Soooooo Bolt pissed me off. They claim that they support requesting rides without an app. They provide many good reasons why and when such an option is not only convenient, but necessary:
So far, so good! I always refuse to use services that only work with an app, so this looked promising. One omission from the list of reasons was "Not wanting to contribute to strenghtening Apple and Google duopoly", but ok.
I go to the web app, enter my phone number, enter the SMS code and I'm immediately greeted with this beauty:
I needed some way to get to the Airport in Riga. Everyone recommended Bolt and shared horror stories of "traditional taxis".
Fortunately I expected that this web interface business would be too good to be true, so I checked it the night before the flight.
I checked various different pickup locations around the city. None worked. I tried different countries. Poland: nope. Norway: nope. But.... it works in Nigeria?
In fact, I can order a ride without any issues
Sooo, this got me thinking. Can I trick it into submission and let me order through the web interface? Short answer: yes!
I messed around with the Network Inspector and tried making various changes in the HTTP requests being made to the API by the web interface. After 10 minutes I found out that if you skip a certain query parameter for one of the crucial endpoints, but keep other ones unchanged, the API ignores this artificial geo-block.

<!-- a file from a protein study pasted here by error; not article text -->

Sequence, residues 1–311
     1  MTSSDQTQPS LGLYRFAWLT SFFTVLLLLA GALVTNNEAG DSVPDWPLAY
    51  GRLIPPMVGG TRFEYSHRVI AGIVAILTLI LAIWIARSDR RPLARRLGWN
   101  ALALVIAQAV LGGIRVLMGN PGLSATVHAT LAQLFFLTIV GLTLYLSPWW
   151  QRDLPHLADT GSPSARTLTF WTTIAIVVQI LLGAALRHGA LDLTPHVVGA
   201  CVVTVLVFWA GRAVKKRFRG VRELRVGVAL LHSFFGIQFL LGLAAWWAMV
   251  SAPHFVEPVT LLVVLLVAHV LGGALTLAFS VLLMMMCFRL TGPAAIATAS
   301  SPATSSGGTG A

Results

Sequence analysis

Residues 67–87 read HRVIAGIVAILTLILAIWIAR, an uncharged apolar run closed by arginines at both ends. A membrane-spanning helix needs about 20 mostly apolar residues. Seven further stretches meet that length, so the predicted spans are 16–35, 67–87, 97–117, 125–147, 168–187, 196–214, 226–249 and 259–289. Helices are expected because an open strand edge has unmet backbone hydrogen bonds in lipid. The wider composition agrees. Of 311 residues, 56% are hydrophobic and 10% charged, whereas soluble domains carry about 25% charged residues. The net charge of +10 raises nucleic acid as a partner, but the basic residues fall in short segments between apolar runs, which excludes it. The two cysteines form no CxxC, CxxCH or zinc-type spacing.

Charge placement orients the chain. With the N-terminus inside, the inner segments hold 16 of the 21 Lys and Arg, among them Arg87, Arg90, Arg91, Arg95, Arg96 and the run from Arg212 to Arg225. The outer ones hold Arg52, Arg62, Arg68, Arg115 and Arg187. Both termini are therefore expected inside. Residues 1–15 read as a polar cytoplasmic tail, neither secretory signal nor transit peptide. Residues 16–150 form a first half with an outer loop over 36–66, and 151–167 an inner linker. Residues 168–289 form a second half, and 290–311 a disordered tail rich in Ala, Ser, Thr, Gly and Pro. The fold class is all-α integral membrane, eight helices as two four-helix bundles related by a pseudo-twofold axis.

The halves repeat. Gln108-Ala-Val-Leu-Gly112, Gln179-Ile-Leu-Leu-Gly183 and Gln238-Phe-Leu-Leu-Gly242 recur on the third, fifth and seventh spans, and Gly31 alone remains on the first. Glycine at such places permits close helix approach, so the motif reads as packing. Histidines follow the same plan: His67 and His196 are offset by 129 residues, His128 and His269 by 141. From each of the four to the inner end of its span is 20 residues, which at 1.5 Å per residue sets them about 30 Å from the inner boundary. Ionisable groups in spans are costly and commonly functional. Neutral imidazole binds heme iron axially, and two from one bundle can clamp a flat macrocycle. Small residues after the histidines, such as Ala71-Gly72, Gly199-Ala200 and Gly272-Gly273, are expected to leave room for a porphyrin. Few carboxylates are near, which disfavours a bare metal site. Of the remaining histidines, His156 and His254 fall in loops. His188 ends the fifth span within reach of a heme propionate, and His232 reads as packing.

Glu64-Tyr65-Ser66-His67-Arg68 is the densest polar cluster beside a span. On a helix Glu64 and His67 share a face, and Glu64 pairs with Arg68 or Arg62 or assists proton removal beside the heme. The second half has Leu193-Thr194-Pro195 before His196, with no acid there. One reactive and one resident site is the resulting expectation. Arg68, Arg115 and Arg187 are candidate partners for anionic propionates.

I quickly created a CleanLinks config that did this automatically, and now I can order rides without an app, right from my laptop. So basically I made it easier for me to give Bolt money. You're welcome, Bolt!
Now, how to make it work on mobile? Fortunately, Firefox Nightly on Android allows you to install any addon, so I added CleanLinks and copied the configuration. And voilà! I can order rides from my phone, without an annoying app!
In fact, I the bolt came, I arrived at the airport, paid, and made it in time.
Now. Why create this artificial barrier for your users, Bolt? The usual excuse of "whaaaaa, creating a web app is additional effort and we can't afford it" doesn't apply here. You already HAVE a nice, fast, functional web app. why geo-fence it?
The answer is: because we, the users, are compliant with such abuse of monopoly.
This is a reminder to NEVER trust big companies that there's any good reason to not have a web app unless it's clearly not technically possible (which is extremely rare anyway imho).
I invite you to boycott any company that forces (or coerces) you to install an app. We deserve choice, we deserve control. We deserve better. Demand it!
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